It is depressing to recall how America squandered such deep and widespread support they garnered from all over the world in the aftermath of September 11. In New Delhi, there were no murmurs of disapproval over road closures because the overwhelming popular view at that time was that such gestures to America were their due even if threat perceptions did not warrant them. And if such actions helped prevent anything happening to Americans that had even a whiff of the terrorist attacks on the twin towers and the Pentagon, they should be sanctioned even at considerable inconvenience to others.
There have been suggestions from time to time at internal government meetings that Nyaya Marg should be reopened to the public and that periodic reviews showing lesser threat perceptions to the US embassy in New Delhi should be acted upon. But no one in the government wanted to pursue any unpleasant options with the Americans. Meanwhile, the US embassy in New Delhi appeared to have become a victim to India’s VIP culture: so any downgrading of security would have been unpalatable to them. In any case, they have the wherewithal to whip up a storm in New Delhi on any issue of their concern and that capability has been on display many times. So the matter was never seriously taken up.
Two years ago, after the US accused Iran of plotting to murder the Saudi ambassador in Washington, US security agencies did an audit of the vulnerability of diplomatic missions in their national capital. The Indian embassy in Washington came up short during this exercise. Subsequently, the Indian government undertook a comprehensive enhancement of security systems and procedures at the mission. Therefore, it came as a surprise recently, when municipal workers on Washington’s embassy row set about uprooting road signs in front of the Indian embassy that proclaimed the street as a parking zone for the Indian ambassador and other senior diplomats. Thereafter, they put up new signs and installed pay-and-park meters, which allowed anyone to park their vehicles within a stone’s throw of the Indian chancery building, an ostensible terrorist target.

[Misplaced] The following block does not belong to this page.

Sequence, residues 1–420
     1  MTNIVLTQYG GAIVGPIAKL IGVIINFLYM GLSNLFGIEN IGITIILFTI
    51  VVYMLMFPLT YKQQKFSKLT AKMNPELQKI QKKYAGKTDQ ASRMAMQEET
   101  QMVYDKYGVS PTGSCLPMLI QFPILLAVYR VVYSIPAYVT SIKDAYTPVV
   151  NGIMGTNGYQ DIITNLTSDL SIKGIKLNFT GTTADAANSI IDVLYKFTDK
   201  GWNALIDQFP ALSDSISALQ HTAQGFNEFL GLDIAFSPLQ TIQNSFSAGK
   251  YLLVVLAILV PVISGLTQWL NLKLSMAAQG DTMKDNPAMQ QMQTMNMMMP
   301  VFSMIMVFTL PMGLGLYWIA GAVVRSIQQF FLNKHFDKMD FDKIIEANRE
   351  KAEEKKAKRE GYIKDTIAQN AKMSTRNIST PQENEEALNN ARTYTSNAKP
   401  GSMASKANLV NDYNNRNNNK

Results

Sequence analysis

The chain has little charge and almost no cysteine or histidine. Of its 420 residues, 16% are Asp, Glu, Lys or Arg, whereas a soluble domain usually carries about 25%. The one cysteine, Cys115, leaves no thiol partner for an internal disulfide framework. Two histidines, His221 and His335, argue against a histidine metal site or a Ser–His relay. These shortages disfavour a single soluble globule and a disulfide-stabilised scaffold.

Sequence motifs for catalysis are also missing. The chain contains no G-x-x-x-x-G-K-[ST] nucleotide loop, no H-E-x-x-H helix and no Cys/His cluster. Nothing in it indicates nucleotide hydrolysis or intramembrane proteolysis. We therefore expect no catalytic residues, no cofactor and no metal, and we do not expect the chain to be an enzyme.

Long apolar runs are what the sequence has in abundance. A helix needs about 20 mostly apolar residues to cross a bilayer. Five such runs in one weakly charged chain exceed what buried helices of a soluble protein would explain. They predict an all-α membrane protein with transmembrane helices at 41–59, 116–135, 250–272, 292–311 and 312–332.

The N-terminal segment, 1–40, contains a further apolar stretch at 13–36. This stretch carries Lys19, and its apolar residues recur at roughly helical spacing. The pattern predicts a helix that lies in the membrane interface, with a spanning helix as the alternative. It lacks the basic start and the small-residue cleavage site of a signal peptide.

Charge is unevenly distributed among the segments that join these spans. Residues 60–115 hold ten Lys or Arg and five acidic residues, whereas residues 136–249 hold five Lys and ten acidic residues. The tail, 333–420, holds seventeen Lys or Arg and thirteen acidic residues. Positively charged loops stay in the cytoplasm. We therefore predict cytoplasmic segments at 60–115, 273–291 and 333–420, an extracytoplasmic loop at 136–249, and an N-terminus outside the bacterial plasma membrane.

The Indian embassy queried the US authorities in the matter, but as in the Devyani Khobragade case, these representations elicited no reply. The twin idea of reopening Nyaya Marg and allowing cars into the service road off Shanti Path right in front of the US embassy was then approved as a reciprocal action by India. It would have been done, anyway, in response to Washington’s decision to allow public parking literally at the doorstep of the Indian embassy, in total disregard of the mission’s safety. The reopening of the Chanakyapuri roads was on the MEA’s table well before India’s deputy consul general in New York was arrested and strip-searched. That it happened after Khobragade’s detention was one of those coincidences that gave this decision a different colour.
The traffic pattern around the US embassy is unlikely to return to its old ways even after the case of the Indian diplomat is resolved in New York and the two countries decide to move on to restore a semblance of status quo ante. For one thing, the other embassies that have a better claim to Nyaya Marg as a thoroughfare, most notably the French, will vehemently protest against closing the road again so that Americans can cross the street as if it is their private property.
The sympathy for Americans over September 11, which facilitated the road closure, has long evaporated in France and Sweden, and, in India, it has been replaced, after the New York arrest, by anger and demands for strict reciprocity with Washington. In real life, properties that are appropriated immorally — even if legally — are rarely restituted. Nyaya Marg may be that rare instance of such a restitution of a piece of real estate of immense value to its rightful owners, the citizenry of Delhi.